Chicago-area recruits struggling off the courtConnecticut's Ryan Boatright sits on the bench in the second half of an NCAA college basketball game against American International Wednesday, Nov. 2, 2011, in Storrs, Conn. Connecticut defeated American International 78-35 in the game. Boatright is being held out of competition while the school and the NCAA investigate his eligbility. (AP Photo/Bob Child)
Updated: May 9, 2012 9:59AM
There has never been a time when prep basketball in Chicago wasn’t full of shady practices, NCAA investigations and players sabotaging their own careers with behavior issues, but we may be entering a new low period.
Wednesday was signing day, and a number of local kids signed Division I letters of intent. Let’s hope their college careers are more successful than some recent signees. The list of players from the area currently suspended because of NCAA investigations, drug problems or rules violations is staggering.
East Aurora’s Ryan Boatright is sitting out at Connecticut. According to reports, he is waiting for the NCAA to determine whether or not club basketball coach Reggie Rose bought him a plane ticket at some point.
Four players with local ties at Central Florida (AJ Rompza, Marcus Jordan, Jeff Jordan, Josh Crittle) are sitting out for various reasons. Jeff Jordan and Rompza due to eligibility issues, Marcus Jordan and Crittle for breaking team rules. Central Florida athletic director Keith Tribble resigned on Wednesday in the midst of an NCAA investigation, which apparently involves Rompza and Jeff Jordan.
Rich South product Crandall Head broke team rules at Illinois and is sitting out for four games.
Macari Brooks didn’t qualify at DePaul, so the Rich South grad is apparently headed to a junior college.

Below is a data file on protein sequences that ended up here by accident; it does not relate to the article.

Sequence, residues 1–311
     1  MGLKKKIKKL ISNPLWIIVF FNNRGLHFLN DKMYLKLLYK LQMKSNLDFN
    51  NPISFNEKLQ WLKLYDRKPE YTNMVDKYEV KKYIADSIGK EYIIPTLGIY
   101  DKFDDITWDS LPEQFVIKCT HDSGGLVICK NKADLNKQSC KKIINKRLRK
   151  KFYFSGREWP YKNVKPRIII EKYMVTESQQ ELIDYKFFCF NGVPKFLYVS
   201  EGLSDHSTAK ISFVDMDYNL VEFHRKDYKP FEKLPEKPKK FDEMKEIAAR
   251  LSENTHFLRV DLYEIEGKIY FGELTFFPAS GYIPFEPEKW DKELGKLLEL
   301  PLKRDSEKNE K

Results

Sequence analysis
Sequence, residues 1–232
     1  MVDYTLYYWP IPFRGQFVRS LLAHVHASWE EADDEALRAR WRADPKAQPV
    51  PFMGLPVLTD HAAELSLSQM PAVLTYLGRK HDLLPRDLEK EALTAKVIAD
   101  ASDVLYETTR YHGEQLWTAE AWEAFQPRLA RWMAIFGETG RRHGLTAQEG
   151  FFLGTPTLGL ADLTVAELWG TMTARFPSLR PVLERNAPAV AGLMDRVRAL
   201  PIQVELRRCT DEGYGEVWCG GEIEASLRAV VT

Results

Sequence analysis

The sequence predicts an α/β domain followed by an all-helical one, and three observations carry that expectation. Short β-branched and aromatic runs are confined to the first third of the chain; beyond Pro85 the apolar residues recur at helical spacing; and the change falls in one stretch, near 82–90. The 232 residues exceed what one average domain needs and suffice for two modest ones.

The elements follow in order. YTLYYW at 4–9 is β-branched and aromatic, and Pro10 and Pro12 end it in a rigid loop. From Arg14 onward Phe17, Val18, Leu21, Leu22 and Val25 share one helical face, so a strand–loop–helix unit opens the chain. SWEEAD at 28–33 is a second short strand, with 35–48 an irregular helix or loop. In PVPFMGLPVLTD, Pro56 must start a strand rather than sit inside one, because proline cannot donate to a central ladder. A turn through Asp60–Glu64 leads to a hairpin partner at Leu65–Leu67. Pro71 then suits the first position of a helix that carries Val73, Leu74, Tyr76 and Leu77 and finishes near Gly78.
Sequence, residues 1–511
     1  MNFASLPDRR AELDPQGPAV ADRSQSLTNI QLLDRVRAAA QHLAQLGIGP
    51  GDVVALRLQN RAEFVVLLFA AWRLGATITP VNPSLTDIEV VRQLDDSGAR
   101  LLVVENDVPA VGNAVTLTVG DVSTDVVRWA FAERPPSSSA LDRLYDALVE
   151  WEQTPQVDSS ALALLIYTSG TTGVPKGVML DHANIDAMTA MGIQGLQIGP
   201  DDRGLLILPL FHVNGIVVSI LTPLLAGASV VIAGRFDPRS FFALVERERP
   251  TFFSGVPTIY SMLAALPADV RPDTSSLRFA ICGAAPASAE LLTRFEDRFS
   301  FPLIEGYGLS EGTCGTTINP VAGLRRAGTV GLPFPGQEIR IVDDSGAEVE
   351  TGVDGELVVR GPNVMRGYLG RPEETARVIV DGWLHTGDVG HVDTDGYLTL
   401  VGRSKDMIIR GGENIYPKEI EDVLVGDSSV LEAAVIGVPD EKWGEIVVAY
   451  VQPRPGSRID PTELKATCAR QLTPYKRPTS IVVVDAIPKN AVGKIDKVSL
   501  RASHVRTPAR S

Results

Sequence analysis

Then there is the trio of players that were brought down by drugs. Jereme Richmond’s saga is well chronicled. Bolingbrook grad Diamond Taylor, who was booted out of Wisconsin originally, was arrested in April on a marijuana charge and was suspended by Southern Illinois. De La Salle grad Dre Henley left Northern Illinois after being charged with marijuana possession.
“All of us as coaches have had at least one or two athletes over the years that were tough to work with,” Von Steuben coach Vince Carter said. “His maturity level doesn’t meet his level as an athlete. He looks like a grown man. You don’t want your 6-4, muscle-bound kid acting like a kid. But he is a kid. He’s 12. What about the other teenagers that are acting silly? These kids just get more focus because they are athletes.”
You can’t blame the Public League for this, not one particular school or even the most popular villain, club basketball coaches. The problem is in the city, it’s in the suburbs, it’s in private and public schools.
Despite all the talent available, is there a chance college coaches could start staying away from local kids?
“There has always been that thing about academics, with Chicago kids and qualifying,” recruiting analyst Joe Henricksen said. “That’s a question with coaches. But I don’t know about the increase in off-court problems. Is it a trend or just a fluke with this group? I think it is more coincidental than anything. They will continue to recruit Chicago. It will be a ‘look the other way’ thing. That’s what it has always been.”
Henricksen has noticed a trend in college coaches checking out prospective recruits’ social media interactions.
“College coaches have started doing more homework,” Henricksen said. “I’ve heard of coaches looking at kids’ Facebook pages and getting concerned about what goes on there.”
It should be noted that the vast majority of area players that sign with Division I schools go off and have quality careers, academically and athletically. Probably 90 percent of the players that have signed in the past five years have done well. But there has been a growing trend of disturbing behavior over the past two years.
“The consequences of being a young man are catching up to some of the players,” Carter said. “In the past the youthful transgressions, people were helping to work with them. The things they got away with as kids, the rules are starting to kick in as an adult.”